An exciting adventure story set against a sobering picture of the Mexican political scene.

Pub Date: April 16, 2013

ISBN: 978-1-4391-9152-1

Page Count: 304

Publisher: Atria

Review Posted Online: March 6, 2013

Kirkus Reviews Issue: April 1, 2013

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Ackerman writes with a light but assured touch, her prose rich in fact but economical in delivering it. Fans of birds in all...


Science writer Ackerman (Ah-Choo!: The Uncommon Life of Your Common Cold, 2010, etc.) looks at the new science surrounding avian intelligence.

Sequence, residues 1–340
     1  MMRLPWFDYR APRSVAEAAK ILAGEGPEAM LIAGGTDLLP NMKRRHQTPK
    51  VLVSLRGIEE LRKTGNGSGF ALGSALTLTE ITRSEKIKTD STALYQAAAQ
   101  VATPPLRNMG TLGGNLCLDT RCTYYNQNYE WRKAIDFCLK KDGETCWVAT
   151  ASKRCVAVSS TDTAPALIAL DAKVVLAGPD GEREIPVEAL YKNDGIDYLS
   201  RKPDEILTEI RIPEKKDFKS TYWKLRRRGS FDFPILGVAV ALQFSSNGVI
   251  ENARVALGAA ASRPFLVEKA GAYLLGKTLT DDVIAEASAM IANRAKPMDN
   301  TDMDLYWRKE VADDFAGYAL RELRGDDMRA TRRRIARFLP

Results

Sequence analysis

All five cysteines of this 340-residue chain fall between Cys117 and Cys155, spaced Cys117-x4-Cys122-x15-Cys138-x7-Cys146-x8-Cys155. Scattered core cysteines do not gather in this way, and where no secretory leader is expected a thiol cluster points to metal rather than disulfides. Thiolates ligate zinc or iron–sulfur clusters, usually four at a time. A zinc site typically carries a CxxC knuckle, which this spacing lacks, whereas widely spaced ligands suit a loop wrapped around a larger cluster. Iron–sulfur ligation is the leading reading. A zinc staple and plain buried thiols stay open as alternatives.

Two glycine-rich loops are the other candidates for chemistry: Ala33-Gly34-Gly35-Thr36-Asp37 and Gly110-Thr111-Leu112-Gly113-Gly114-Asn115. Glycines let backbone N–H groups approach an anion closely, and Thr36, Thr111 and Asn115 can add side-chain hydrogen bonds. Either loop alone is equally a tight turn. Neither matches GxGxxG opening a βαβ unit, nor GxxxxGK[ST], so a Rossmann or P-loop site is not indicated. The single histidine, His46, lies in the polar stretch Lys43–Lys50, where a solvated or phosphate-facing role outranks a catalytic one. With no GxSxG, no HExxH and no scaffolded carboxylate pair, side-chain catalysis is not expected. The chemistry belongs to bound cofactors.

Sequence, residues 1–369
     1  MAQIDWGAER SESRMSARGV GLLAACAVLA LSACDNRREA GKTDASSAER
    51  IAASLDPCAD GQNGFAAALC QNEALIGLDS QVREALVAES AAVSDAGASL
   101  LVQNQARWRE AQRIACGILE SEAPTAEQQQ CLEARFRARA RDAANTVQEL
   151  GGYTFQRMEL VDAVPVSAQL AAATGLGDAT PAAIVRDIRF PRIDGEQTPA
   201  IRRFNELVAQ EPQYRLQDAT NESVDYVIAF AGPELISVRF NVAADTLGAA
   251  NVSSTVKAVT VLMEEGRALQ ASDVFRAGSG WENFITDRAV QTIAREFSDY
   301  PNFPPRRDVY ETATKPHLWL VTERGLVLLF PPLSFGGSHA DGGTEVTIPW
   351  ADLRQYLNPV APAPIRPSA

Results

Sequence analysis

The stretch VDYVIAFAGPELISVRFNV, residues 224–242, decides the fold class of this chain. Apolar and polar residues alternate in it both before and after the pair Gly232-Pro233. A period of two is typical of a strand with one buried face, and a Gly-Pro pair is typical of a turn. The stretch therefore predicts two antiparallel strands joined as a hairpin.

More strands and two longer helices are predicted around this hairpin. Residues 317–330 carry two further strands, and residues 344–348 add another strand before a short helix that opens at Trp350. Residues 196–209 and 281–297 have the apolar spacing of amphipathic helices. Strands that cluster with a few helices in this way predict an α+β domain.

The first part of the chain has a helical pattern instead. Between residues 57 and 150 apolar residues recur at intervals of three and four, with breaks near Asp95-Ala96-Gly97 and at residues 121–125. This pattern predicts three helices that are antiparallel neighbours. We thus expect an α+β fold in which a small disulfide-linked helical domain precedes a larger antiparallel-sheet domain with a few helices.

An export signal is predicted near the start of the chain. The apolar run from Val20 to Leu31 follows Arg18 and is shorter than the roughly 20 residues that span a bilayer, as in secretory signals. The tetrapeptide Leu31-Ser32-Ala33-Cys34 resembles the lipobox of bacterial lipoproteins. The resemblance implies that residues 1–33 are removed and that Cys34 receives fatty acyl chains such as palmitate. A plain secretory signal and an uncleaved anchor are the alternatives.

The takeaway: calling someone a birdbrain is a compliment. And in any event, as Ackerman observes early on, “intelligence is a slippery concept, even in our own species, tricky to define and tricky to measure.” Is a bird that uses a rock to break open a clamshell the mental equivalent of a tool-using primate? Perhaps that’s the wrong question, for birds are so unlike humans that “it’s difficult for us to fully appreciate their mental capabilities,” given that they’re really just small, feathered dinosaurs who inhabit a wholly different world from our once-arboreal and now terrestrial one. Crows and other corvids have gotten all the good publicity related to bird intelligence in recent years, but Ackerman, who does allow that some birds are brighter than others, points favorably to the much-despised pigeon as an animal that “can remember hundreds of different objects for long periods of time, discriminate between different painting styles, and figure out where it’s going, even when displaced from familiar territory by hundreds of miles.” Not bad for a critter best known for bespattering statues in public parks. Ackerman travels far afield to places such as Barbados and New Caledonia to study such matters as memory, communication, and decision-making, the last largely based on visual cues—though, as she notes, birds also draw ably on other senses, including smell, which in turn opens up insight onto “a weird evolutionary paradox that scientists have puzzled over for more than a decade”—a matter of the geometry of, yes, the bird brain.